If you work with LEED, you’re familiar with FSC, and if you read good books and magazines, you’ve probably seen both SFI and FSC. FSC (Forest Stewardship Council) and SFI (Sustainable Forestry Initiative) both certify and provide labels for wood and paper products. Consumers look to these for comfort with regard to environmental impact and sustainable harvesting of wood, but after you read Monte Paulsen’s five-part series on the topic for The Tyee, you may not be so sure about what’s going on.
The Fourth Annual Green Building Survey, published by Allen Matkins, CTG, and Green Building Insider, was just released. It’s quick and to the point with some interesting perspective on the attitude of design and construction professionals. That is, green construction and design remains a top priority, while LEED certification may not necessarily carry the same weight. The survey was conducted in February 2010 and received over 1,600 responses.
Sacred Heart Schools' new Michael J. Homer Science and Student Life Center in Atherton broke some records recently. It's the first school to obtain LEED Platinum certification under the LEED for Schools program and the first school in San Mateo County to use fruits and vegetables from an on-site organic garden for food service in the school cafeteria. It's also designed to use 69% less energy than a typical school and features some incredible green features.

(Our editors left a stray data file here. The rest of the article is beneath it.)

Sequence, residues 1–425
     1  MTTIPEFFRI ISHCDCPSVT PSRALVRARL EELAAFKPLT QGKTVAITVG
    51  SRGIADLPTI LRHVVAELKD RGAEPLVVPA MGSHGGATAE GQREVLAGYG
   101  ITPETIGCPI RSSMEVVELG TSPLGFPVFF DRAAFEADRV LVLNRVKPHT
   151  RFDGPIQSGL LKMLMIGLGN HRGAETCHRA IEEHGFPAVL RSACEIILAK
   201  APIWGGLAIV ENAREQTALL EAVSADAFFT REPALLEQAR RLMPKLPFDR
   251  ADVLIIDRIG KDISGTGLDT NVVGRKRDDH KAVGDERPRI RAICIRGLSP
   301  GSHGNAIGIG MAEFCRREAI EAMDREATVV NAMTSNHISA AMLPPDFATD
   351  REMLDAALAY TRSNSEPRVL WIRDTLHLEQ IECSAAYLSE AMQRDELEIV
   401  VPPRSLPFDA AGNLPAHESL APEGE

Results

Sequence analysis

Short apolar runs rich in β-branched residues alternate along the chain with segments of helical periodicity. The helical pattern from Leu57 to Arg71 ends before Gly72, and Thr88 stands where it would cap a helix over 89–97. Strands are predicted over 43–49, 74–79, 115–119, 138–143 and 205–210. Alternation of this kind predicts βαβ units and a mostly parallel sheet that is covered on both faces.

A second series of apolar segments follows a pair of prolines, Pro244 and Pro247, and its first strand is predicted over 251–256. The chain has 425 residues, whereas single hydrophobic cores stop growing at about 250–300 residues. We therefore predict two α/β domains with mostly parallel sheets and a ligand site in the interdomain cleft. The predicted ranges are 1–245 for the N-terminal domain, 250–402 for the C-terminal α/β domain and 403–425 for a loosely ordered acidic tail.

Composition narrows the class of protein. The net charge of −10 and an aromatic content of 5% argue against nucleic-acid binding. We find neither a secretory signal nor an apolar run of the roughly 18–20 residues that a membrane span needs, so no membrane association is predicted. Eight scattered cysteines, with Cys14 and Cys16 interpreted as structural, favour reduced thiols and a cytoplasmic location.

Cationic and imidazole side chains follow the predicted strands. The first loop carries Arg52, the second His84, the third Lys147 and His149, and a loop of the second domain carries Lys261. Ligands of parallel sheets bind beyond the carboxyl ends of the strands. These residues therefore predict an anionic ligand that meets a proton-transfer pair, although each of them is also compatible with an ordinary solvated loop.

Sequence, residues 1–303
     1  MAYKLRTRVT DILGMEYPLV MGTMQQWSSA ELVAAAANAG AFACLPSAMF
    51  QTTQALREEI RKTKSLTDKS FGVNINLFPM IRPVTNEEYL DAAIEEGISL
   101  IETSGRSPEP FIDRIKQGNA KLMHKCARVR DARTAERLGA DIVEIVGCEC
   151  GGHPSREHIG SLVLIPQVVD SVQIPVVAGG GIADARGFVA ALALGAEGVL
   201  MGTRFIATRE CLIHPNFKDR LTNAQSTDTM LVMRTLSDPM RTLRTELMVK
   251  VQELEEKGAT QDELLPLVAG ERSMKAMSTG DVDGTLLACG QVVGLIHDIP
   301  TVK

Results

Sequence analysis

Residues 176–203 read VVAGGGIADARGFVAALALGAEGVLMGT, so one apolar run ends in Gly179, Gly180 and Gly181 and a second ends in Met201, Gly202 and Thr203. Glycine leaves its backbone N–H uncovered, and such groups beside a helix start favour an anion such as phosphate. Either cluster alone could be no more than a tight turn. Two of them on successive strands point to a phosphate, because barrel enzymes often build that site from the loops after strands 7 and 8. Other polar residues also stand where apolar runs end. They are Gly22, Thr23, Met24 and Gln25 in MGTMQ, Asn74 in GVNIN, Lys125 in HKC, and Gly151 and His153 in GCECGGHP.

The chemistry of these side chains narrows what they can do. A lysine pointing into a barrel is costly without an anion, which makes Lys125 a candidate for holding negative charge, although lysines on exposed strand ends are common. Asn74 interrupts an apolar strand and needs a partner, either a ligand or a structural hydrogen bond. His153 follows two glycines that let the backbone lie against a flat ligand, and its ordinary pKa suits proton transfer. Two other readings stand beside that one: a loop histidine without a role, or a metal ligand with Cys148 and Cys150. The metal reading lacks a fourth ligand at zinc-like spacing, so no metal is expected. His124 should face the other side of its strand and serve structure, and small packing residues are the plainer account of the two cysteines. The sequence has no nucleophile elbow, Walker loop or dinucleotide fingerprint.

It's been through several years of remodeling, but the Natural Home Show House is now complete. The word show house, though, is kind of a misnomer because the project includes two connected homes. One is on Nevins Street and the other is on Pacific Street in Boerum Hill, Brooklyn. They both have distinct styles and both anticipate receiving Health House and LEED certifications.
Developer Steve Blanchard set out to build one of the greenest homes in Orange County, and he may just have accomplished that. In fact, this home, the Costa Mesa Green Home, is the first custom residence in the OC to receive LEED Platinum certification. Although 5,000 square feet in size, the home exceeds California Energy Code by 40% and isn’t expected to generate an electricity bill outside of standard add-on fees.